Michael Schroeder is a board game enthusiast, has written an eBook entitled, “Beyond Monopoly: A Beginner’s Guide to Modern Board Games” (Kindle, Apple iBook), is busy designing games and owns an eCommerce board game store, Meeple Village! He also has a podcast that complements this blog, “Board Game Dialog (also available on other podcast aggregators).” He is mike6423 on BGG.

Board Game Review – Dimension

2017 June 9
by Michael Schroeder

I really don’t feel comfortable saying that I was playing with balls, but luckily in the game of Dimension, they’re called spheres!

Number of players: 1-4

Age: 8+

Playing Time: 30 minutes

Dimension Board Game

Dimension Board Game

What’s the game about: A description from the publisher…

Dimension is a fast-paced, innovative puzzle game that takes place in three dimensions with 60 colorful spheres. All of the players play at the same time. Everybody tries to position the spheres on their trays to earn as many points as possible. The task cards indicate how the spheres must be placed to earn points: for example, exactly two orange spheres must be on the tray, black and blue must touch each other, and blue must not touch white. Complete these tasks while racing against the timer. You get a point for each sphere you use and a bonus token for using all five colors, but you lose two points for each task card you don’t follow correctly. Prove to your opponents that you are the master of multi-dimensional thinking!

Basic idea in my own words:

Dimension is a purely abstract game that’s really a puzzle game in a multi-dimensional space. Abstract games are not something I typically would play but this game was sent to me courtesy of the publisher and I was open to trying it. I’m glad I did!


The object of the game is to have the most points at the end of 6 rounds. Players get points by placing spheres out onto their individual boards and players lose points by not satisfying the task cards laid out in front of them. Players start the game with 10 points. I think this is the case so there’s points available to lose if you don’t satisfy a task card in the first round.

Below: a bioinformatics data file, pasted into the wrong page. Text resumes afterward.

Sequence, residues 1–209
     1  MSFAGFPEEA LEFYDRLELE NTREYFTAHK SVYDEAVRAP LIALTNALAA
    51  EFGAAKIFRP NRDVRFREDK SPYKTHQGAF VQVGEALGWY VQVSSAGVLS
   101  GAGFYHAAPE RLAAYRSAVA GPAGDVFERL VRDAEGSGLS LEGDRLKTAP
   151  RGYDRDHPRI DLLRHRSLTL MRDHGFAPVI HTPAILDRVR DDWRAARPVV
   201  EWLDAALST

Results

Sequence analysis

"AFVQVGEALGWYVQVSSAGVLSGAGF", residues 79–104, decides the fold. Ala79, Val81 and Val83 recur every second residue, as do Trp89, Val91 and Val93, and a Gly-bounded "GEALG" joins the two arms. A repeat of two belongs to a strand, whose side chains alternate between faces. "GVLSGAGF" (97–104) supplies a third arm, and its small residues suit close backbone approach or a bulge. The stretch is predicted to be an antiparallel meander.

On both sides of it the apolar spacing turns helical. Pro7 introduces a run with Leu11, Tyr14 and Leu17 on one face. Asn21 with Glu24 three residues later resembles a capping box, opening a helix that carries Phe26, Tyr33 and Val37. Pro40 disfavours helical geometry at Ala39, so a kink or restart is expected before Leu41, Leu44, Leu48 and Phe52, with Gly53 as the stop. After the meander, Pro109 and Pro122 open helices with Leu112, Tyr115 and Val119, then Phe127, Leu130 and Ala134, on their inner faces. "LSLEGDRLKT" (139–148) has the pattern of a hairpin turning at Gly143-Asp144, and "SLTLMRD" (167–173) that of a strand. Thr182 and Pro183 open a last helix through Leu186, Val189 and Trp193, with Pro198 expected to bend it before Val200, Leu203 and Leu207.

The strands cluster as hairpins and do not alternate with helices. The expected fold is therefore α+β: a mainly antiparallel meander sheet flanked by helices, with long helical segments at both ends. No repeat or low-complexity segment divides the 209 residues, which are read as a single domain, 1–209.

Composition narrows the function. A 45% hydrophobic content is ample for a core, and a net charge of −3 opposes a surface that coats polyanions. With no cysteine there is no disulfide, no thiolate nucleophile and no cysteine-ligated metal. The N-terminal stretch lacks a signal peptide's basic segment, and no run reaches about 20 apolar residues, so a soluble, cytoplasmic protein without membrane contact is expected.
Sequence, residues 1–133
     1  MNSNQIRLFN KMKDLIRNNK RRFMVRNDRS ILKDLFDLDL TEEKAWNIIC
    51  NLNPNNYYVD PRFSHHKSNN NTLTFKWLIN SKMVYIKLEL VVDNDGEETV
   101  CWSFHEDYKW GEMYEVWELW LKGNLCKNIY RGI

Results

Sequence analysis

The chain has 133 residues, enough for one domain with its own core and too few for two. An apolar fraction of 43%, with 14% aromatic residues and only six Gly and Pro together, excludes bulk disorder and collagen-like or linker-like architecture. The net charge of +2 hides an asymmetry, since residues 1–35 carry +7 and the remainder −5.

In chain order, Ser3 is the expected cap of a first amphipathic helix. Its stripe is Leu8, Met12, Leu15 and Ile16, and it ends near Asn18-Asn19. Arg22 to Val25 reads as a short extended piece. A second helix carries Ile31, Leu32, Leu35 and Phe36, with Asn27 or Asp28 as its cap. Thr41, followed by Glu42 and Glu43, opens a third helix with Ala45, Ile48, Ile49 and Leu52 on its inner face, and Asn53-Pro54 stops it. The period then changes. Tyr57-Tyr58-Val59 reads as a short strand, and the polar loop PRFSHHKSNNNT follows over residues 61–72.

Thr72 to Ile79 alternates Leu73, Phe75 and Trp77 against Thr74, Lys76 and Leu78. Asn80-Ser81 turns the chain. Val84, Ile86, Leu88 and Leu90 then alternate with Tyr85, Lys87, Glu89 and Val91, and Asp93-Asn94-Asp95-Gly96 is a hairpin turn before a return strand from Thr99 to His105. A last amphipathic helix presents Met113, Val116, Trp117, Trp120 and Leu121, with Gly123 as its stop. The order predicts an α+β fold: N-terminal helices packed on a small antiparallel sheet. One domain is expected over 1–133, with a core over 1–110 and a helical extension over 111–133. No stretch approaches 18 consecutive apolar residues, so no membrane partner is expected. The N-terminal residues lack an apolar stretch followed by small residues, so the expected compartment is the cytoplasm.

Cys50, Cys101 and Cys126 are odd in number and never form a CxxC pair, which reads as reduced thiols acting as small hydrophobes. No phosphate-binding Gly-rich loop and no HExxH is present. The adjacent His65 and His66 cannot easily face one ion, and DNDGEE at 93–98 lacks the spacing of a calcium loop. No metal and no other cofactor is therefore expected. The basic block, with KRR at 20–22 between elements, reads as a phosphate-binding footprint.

The first thing you’ll notice about the game is, the big spheres that you’ll be playing with. In each round, players must use these spheres and satisfy randomly drawn task cards such as, “no two orange spheres can touch, you must have exactly 2 grey/white spheres and blue can’t touch black, just to give some examples.” Each round uses a sand timer (classic!) and by the end of each round, you must stop and count up points. The game is extremely simple that I think even my parents would get it. I even played the game with my young kids. While they didn’t care about the restrictions of the task cards, they enjoyed the game – it’s very tactile.


  • Give each player a player board
  • Each player places 3 of each color sphere into the tray slots at the bottom of the boards
  • Shuffle the task cards and draw 6 and place face up within view of everyone
  • Place the points in a separate pile and place the bonus markers in another pile
  • Each player takes 1 points and places in front of them

How the game plays or, “a turn” (paraphrased):

  1. A player turns over the sand timer and each player begins working on their individual boards to satisfy the task cards in front of them
  2. When the timer ends, everyone stops!
  3. Each player receives a point per sphere played on their board (maximum of 11)
  4. Players work through each task card and see if they failed to satisfy the card. If you failed the card, you lose 2 points. Take those points and throw back into the general supply. If a player satisfied each task card and also happened to use at least one sphere of each color, that player receives a bonus marker.
  5. At the end of the game, players count up their points and count up their bonus markers. For having no markers, you actually lose more points! The more bonus markers you have, the more points. The winner is then declared!



Component Quality: 3/5

The components seem pretty nice. The spheres especially. However there was a couple white/grey ones that appeared to having some staining on them. The rest of the components from the rule book to the chits and cards seemed to be pretty standard faire made by most European publishers. There’s no real complaints.

Theme: 1/5